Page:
Dozens of whistleblowers who currently or previously worked in the Trump administration are reportedly cooperating in secret with House Democrats investigating the president.
This article first appeared in Salon.
The number of whistleblowers who have come forward to Congress has grown to the “dozens,” a senior House Oversight Committee aide told The Atlantic. That committee is now chaired by Rep. Elijah Cummings, D-Md., who became at least a momentary TV celebrity for his calm, measured manner during Michael Cohen's Capitol Hill testimony. Longtime committee aides told the Atlantic that the number of whistleblowers who have come forward to the panel have increased dramatically since Trump took office compared to previous administrations.
One whistle-blower, Tricia Newbold, told Cummings' committee earlier this week that more than two dozen denials of security clearances for officials like Jared Kushner and Ivanka Trump were overturned by Trump political appointee Carl Kline. After her testimony, Newbold simply went back to her desk at the White House Personnel Security Office, the New York Times reported. Newbold, who has a rare form of dwarfism, previously filed a complaint accusing Kline of retaliating against her by intentionally moving office files to a shelf that was deliberately out of her reach and suspending her for two weeks.
Newbold is just one of a “small army” of career officials inside the federal government who has secretly been working with the Oversight Committee to report alleged misconduct inside Trump administration, according to committee aides.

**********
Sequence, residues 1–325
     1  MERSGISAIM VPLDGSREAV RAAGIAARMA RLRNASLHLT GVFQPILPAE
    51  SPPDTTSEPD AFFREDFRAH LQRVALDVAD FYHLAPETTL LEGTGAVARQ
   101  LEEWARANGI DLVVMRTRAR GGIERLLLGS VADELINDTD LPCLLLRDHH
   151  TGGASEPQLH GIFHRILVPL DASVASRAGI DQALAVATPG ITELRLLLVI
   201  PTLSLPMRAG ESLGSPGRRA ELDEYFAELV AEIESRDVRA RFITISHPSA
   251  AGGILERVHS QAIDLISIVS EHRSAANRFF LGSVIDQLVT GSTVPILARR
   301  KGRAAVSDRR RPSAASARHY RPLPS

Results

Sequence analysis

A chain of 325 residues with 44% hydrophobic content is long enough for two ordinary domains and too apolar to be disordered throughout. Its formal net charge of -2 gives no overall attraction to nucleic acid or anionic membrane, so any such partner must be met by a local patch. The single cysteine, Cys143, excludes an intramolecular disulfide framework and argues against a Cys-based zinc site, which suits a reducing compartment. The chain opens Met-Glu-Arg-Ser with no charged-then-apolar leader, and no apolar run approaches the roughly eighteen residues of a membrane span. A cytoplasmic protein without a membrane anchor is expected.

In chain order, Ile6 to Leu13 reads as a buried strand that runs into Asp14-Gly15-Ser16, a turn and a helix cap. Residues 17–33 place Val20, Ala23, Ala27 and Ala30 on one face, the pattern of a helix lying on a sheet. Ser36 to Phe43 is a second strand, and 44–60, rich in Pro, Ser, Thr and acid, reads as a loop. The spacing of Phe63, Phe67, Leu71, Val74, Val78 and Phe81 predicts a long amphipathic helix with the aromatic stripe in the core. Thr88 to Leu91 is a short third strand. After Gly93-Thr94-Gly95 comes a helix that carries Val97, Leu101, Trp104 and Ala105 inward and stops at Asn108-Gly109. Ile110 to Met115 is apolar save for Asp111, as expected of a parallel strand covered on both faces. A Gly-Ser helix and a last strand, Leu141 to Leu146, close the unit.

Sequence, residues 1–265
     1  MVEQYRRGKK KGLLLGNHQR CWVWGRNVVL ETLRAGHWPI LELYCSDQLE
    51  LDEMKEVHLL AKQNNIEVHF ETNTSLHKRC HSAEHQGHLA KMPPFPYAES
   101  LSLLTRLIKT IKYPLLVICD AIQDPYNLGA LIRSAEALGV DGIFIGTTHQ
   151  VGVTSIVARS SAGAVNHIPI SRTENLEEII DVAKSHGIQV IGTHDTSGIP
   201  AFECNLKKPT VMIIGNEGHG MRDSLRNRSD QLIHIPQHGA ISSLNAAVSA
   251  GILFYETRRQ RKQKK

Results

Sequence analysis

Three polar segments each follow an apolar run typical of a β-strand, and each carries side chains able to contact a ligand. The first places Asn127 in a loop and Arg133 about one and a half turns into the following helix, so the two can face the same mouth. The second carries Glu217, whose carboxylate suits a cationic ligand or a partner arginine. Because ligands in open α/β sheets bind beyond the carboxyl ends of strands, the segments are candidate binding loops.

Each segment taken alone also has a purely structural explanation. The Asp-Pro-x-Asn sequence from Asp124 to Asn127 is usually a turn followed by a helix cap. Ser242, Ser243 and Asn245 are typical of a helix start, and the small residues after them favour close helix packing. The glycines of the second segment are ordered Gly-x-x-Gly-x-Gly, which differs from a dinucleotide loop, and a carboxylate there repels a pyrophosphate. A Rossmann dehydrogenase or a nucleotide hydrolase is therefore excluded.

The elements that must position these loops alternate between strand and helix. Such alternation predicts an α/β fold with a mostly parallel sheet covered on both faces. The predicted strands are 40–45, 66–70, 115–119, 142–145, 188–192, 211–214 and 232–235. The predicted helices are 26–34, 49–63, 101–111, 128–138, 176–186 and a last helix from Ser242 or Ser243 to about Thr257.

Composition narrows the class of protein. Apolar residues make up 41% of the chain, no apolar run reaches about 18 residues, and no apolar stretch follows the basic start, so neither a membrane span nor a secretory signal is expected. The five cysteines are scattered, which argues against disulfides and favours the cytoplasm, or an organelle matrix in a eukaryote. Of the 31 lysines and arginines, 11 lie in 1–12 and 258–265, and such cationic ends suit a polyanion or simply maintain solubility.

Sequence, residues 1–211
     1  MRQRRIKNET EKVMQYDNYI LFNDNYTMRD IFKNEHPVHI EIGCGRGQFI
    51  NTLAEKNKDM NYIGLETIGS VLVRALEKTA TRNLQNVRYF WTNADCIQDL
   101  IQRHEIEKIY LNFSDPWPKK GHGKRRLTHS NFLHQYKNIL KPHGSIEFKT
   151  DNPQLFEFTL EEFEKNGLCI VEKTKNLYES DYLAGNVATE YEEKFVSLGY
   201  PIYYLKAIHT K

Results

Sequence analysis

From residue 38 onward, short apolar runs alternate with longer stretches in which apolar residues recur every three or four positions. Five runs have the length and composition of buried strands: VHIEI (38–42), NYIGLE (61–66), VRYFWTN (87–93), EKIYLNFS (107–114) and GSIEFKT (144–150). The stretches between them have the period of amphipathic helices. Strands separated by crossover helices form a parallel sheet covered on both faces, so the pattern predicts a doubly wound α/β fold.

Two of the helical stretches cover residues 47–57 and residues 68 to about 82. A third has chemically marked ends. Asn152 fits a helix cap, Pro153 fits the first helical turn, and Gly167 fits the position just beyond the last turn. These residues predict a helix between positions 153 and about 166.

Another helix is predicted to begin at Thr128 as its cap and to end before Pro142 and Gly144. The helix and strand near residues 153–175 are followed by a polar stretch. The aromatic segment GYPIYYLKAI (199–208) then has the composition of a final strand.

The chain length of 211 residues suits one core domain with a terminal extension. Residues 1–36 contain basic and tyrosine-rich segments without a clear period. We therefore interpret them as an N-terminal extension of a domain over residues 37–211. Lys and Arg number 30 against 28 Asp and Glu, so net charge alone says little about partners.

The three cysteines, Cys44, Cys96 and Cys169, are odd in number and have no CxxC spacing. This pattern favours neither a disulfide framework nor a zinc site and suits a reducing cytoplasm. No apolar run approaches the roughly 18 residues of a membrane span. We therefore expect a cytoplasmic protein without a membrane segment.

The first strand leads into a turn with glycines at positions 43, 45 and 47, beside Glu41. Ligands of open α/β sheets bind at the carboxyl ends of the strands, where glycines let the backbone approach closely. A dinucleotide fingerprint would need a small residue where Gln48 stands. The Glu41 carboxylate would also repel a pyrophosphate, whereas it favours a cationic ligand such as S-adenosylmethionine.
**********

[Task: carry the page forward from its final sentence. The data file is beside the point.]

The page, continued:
“The biggest difference wasn’t necessarily us switching to the majority; the biggest difference was Donald Trump being elected president,” a Democratic aide told the Atlantic, adding that whistle-blowers began coming forward right after Trump took office, beginning with allegations that then-National Security Adviser Michael Flynn was texting his business partner about a plan to work with Russia to build nuclear reactors in the Middle East during Trump’s inauguration.
Unlike Newbold, other whistleblowers have come forward on the condition that they can remain anonymous. A “handful” of them have been people who work directly inside the White House, aides said.
“Committee staff have spoken with other whistle-blowers who corroborated Ms. Newbold’s account, but they were too afraid about the risk to their careers to come forward publicly,” the Oversight Committee said in a memo after Newbold’s testimony.
According to committee aides, the number of tips to the panel has increased from three to four per week prior to the midterm elections to around five and as many as 15 per week since Democrats won back the House.
“I’ve never seen this many whistle-blowers reporting waste, fraud, and abuse, and just general concern,” an aide told the Atlantic. “On the flip side of that, I’ve also never seen whistle-blowers so afraid of what could happen to them if somebody finds out who they are.”
Newbold confirmed to the committee that she was “terrified” of going back to work after coming forward.
“I’m terrified of going back. I know that this will not be perceived in favor of my intentions, which is to bring back the integrity of the office,” she said.
Cummings on Tuesday praised Newbold for coming forward and vowed to protect those who come forward from retaliation.
“She’s scared. She’s small in stature and she’s already seen what is going on in the White House. She was scared to death. And she was afraid, sadly, of our Republican colleagues,’ Cummings said, adding, “I will protect whistle-blowers. Period.”